Iceland’s geological record offers some insights. The nation’s volcanoes sit directly over a hot spot on the Mid-Atlantic Ridge, and have been depositing new layers of rock for millions of years. Scientists who have analyzed these layers have found that, beginning about ten thousand years ago, after the last ice age’s glaciers began to melt, Iceland’s volcanoes started erupting as much as fifty times more frequently. Lava flowed freely and ash fell abundantly for the next two thousand years. Read More

Monday, August 18, 2014

California Drought Spurs Groundwater Drilling Boom in Central Valley

(National Geographic) FRESNO, California—When Floyd Arthur moved to California's Central Valley as a child in the mid-20th century, his migrant worker parents found water by digging just a few feet into the ground.
But now, the drilling company Arthur and his son own has to bore holes 1,000 or even 2,000 feet (300 to 600 meters) deep for water.
"If we don't get a bigger snowpack soon, we're going to be in trouble. I don't know what we're going to do," Arthur said about the most serious drought in California's recorded history. (See "New Technology Measures Snowpack Amid California Drought.")
The Arthurs run just one company that is working around the clock to fulfill the booming demand for new wells in California's Central Valley. As the state feels the pressure of a drought with no end in sight, farmers and landowners who no longer have access to surface water are spending millions of dollars to dig increasingly deep wells.
But experts warn that the new rush for water is unsustainable and that it carries serious consequences for the environment and the future. Read More

West’s historic drought stokes fears of water crisis (Washington Post)
When the winter rains failed to arrive in this Sacramento Valley town for the third straight year, farmers tightened their belts and looked to the reservoirs in the nearby hills to keep them in water through the growing season.
When those faltered, some switched on their well pumps, drawing up thousands of gallons from underground aquifers to prevent their walnut trees and alfalfa crops from drying up. Until the wells, too, began to fail.
Now, across California’s vital agricultural belt, nervousness over the state’s epic drought has given way to alarm. Streams and lakes have long since shriveled up in many parts of the state, and now the aquifers — always a backup source during the region’s periodic droughts — are being pumped away at rates that scientists say are both historic and unsustainable. Read More

Saturday, August 16, 2014

16 US states at high earthquake risk

[Here is the latest update from the US geological survey. The 16 states are Alaska, Arkansas, California, Hawaii, Idaho, Illinois, Kentucky, Missouri, Montana, Nevada, Oregon, South Carolina, Tennessee, Utah, Washington, and Wyoming. Suggests some similarity to the I AM America Map! - Lori]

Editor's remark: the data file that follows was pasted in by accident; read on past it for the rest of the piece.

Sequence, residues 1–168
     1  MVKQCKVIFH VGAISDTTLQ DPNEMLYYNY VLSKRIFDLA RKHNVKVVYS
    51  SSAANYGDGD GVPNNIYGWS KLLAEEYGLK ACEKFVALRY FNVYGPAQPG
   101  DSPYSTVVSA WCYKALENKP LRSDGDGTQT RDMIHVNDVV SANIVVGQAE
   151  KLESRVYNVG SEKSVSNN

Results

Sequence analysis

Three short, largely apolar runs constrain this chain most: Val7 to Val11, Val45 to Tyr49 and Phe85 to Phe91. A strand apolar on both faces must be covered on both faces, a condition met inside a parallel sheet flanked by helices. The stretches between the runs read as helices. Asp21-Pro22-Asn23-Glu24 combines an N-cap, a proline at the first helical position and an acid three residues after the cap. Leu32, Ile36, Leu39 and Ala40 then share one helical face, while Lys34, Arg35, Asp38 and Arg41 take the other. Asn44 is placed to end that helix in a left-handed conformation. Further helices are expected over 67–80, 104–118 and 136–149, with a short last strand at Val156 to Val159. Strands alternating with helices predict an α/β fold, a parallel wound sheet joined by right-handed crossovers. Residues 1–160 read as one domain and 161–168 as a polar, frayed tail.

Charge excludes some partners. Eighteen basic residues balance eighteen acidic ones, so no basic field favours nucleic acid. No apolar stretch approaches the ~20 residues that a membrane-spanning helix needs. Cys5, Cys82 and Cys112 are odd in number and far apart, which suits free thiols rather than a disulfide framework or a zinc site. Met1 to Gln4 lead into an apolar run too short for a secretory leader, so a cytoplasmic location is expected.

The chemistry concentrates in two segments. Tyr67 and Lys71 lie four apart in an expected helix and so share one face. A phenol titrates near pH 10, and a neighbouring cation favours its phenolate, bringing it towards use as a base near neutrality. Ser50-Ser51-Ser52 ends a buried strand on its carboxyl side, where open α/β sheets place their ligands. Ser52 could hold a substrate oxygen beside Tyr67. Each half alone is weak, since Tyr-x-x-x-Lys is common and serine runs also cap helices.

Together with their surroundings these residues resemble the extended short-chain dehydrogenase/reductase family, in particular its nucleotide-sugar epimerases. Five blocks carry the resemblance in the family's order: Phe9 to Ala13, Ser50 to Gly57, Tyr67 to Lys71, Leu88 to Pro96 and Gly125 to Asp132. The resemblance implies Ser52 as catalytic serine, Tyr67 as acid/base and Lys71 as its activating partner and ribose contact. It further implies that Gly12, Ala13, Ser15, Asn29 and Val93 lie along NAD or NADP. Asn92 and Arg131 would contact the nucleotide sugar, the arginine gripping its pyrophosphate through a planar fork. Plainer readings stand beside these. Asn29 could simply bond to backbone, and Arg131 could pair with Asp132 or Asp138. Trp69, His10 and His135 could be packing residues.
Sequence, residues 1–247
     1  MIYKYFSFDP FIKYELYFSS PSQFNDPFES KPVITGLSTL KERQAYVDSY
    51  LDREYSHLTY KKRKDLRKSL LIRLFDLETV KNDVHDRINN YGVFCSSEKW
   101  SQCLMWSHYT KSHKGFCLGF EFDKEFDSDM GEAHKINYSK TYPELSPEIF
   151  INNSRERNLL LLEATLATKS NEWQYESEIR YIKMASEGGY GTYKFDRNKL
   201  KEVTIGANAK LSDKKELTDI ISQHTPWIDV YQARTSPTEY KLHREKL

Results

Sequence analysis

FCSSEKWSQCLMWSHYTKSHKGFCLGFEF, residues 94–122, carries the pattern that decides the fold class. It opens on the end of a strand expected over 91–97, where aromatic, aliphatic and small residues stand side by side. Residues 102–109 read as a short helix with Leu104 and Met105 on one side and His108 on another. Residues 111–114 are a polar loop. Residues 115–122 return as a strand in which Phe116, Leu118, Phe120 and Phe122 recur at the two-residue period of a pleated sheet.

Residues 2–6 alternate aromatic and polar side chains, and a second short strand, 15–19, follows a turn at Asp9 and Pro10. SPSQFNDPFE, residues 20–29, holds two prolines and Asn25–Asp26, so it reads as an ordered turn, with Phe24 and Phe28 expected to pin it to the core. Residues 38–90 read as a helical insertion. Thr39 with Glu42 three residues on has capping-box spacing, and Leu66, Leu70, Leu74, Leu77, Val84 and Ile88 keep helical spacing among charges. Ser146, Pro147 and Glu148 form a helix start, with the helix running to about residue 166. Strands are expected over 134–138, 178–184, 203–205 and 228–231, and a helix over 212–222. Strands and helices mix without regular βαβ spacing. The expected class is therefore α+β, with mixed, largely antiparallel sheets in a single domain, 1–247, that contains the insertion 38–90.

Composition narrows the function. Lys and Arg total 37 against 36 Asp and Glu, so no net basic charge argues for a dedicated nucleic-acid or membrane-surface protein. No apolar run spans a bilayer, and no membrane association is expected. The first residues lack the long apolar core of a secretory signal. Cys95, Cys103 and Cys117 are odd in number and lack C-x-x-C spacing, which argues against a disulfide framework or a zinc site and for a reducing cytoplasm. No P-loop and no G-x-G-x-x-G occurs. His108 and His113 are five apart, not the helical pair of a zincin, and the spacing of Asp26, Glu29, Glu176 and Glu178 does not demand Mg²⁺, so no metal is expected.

Updates to the recent US geological survey show that certain areas face a higher threat of earthquakes than previously thought. The magnitude 6.1 earthquake which hit China’s Yunnan province on 3 August 2014 is a reminder of why some governments are keen to better understand earthquake hazard in order to mitigate the risk.

This is the objective of the US Geological Survey (USGS), which released its latest hazard maps for the US in July 2014.

“USGS earthquake science is vital because you can’t plan for earthquakes if you don’t know what you are planning for,” said Mark Petersen, chief of the USGS National Seismic Hazard Mapping Project, in a statement. “Our nation’s population and exposure to large earthquakes has grown tremendously in recent years. The cost of inaction in planning for future earthquakes and other natural disasters can be very high, as demonstrated by several recent damaging events across the globe.”

Earthquake science is constantly evolving as new research improves understanding. In recent years there have been significant earthquake events around the world. Such devastating catastrophes offer scientists the ability to better understand how earthquakes behave.

Geoscientists have recently studied the phenomenon of earthquake “clustering” (where one earthquake triggers another further down a fault line) and the impact of secondary perils, such as tsunami and liquefaction. Much of this insight has informed the latest incarnation of USGS hazard maps.

Earthquakes in Alaska, Mexico and New Zealand have offered insight into more complex ruptures and how faults can link together. This insight was applied to California by USGS.

The magnitude Tohoku earthquake and a M8.2 earthquake off the coast of Chile in 2014 ruptured along subduction zones similar to the Pacific Northwest zone. Read More